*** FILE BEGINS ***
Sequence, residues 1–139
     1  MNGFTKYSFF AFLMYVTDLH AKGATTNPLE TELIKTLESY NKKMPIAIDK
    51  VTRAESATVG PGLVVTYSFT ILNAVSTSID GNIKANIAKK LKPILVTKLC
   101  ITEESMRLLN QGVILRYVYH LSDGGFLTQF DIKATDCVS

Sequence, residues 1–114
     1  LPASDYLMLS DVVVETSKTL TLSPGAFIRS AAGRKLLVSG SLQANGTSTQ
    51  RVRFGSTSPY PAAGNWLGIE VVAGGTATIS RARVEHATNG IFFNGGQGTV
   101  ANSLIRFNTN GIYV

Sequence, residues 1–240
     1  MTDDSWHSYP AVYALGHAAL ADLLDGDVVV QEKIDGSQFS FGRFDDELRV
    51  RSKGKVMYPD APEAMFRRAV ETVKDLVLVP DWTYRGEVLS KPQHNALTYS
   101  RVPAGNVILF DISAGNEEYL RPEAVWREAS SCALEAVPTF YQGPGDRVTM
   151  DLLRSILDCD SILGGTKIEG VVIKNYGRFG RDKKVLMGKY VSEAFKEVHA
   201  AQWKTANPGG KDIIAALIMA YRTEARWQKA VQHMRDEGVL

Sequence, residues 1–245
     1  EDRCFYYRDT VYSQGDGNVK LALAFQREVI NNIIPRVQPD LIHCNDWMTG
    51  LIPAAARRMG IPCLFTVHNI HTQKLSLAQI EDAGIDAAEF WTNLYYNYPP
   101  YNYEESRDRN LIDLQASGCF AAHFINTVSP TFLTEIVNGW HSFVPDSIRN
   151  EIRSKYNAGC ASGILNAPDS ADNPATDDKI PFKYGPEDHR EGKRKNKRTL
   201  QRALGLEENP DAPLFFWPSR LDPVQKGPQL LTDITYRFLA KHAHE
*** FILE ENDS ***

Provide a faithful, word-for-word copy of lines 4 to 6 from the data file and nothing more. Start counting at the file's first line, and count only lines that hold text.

   101  ITEESMRLLN QGVILRYVYH LSDGGFLTQF DIKATDCVS

Sequence, residues 1–114
     1  LPASDYLMLS DVVVETSKTL TLSPGAFIRS AAGRKLLVSG SLQANGTSTQ